Nexbis Sdn Bhd, the Malaysian company that has reportedly hammered out one of the largest deals ever seen in Cambodia, has recently taken flak from the Australian media.
The government announced Monday that Nexbis had signed a massive deal to work with Cambodia’s national security systems in areas such as printing passports, identity cards and visas. Government officials and Nexbis representatives, however, have declined to comment on the specifics of the deal.
While virtually nothing is known of the company in Cambodia, the firm is familiar to Australian business reporters.
Formerly known as Entertainment Media & Telecoms Corporation Limited, Nexbis Sdn Bhd is wholly owned by Nexbis Limited, which is a publicly listed company on the Australian Securities Exchange. The company has yet to file an announcement with the ASX regarding its reported deal in Cambodia.
In March, The Sydney Morning Herald wrote that Nexbis has “baffled the market with its knack for announcing lucrative Asian government security contracts, only to have the trail go cold before the deals bear fruit.”
The article went on to explain that the company had partnered with an outfit called CITP—a Hong Kong subsidiary of a US company—for a deal in China supplying identity cards to purchasers of gas cylinders. The deal was described as Nexbis’ “only successful securities deal to date.”
Just after that article appeared, Nexbis announced a $16 million investment in the Australian security technology business TrustDefender. The Sydney Morning Herald article said that further investments were made in March to two companies, including UKI (Asia Pacific), which has close links to CITP.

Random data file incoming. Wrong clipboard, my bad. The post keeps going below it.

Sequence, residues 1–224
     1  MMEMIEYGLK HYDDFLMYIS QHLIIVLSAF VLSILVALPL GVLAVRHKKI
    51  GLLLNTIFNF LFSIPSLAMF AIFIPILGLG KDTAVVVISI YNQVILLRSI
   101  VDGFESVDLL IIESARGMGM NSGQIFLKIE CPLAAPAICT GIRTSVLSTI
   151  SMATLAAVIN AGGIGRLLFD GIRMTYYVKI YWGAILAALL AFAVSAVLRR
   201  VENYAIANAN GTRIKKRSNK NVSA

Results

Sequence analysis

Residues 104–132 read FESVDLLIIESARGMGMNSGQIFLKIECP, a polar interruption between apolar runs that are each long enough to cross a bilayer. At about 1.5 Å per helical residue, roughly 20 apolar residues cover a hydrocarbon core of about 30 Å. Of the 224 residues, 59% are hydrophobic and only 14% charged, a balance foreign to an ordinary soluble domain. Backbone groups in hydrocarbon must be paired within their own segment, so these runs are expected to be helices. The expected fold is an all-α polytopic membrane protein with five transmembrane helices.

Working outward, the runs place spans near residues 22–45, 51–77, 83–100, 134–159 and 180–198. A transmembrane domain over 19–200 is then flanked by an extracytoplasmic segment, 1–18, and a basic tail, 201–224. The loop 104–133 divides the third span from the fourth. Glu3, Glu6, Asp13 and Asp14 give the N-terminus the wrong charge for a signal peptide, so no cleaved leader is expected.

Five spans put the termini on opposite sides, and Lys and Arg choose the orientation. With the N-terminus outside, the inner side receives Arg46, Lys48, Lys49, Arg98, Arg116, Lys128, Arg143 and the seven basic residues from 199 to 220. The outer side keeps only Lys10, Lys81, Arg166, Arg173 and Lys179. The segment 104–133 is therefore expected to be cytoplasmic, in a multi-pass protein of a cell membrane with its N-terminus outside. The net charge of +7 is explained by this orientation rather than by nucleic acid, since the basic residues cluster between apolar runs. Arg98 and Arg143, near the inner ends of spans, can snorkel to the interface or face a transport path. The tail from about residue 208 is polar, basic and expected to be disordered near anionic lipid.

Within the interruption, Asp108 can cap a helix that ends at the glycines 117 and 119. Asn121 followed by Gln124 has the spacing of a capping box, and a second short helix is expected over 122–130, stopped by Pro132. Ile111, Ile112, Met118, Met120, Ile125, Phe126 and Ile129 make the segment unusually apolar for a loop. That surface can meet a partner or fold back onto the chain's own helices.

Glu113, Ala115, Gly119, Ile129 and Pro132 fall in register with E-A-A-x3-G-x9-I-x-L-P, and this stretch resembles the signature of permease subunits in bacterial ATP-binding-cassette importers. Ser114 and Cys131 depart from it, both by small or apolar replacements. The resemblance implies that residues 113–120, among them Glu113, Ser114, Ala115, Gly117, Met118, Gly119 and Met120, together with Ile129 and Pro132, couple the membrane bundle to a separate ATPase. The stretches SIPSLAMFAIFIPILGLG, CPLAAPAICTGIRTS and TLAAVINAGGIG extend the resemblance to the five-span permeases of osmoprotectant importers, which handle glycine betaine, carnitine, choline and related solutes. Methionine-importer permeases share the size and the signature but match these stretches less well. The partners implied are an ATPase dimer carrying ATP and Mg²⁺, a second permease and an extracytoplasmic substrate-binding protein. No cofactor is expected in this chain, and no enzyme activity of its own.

“Presumably, it is coincidence that the total amount paid by Nexbis…by way of the China contract security deposit…almost exactly matches the cash that has flowed into Nexbis’ bank account from the gas tank project,” the Sydney Morning Herald reported.
In a separate article that same month, The Sydney Morning Herald reported that “many investors struggle to comprehend what exactly the technology company Nexbis Limited does.”
In August last year the share price of Nexbis stood at AU$0.55 Since then it has plummeted, closing at AU$0.15 yesterday in Sydney.
Nexbis announced in a statement to the Australian Stock Exchange in April that a proposed investment in UKI (Asia Pacific) would not proceed.
While an array of government officials say they are unaware of the details of the Nexbis deal, the opposition SRP has criticized the proposed outlay, saying it was done behind closed doors and without a proper bidding process.
Hang Chuon Naron, secretary general of the Ministry of Finance and Economy, said he was unaware of the deal and doubted the accuracy of the reported $700 million amount.
“I don’t have any information about this. But I think it is not realistic,” Mr Chuon Naron said yesterday. “I don’t know if the information is correct or not.”
According to copies of the agreements obtained on Monday, the mega-deal is between Nexbis Sdn Bhd and the Ministry of Interior and will span over 15 years. The deal is due to commence in June or July this year.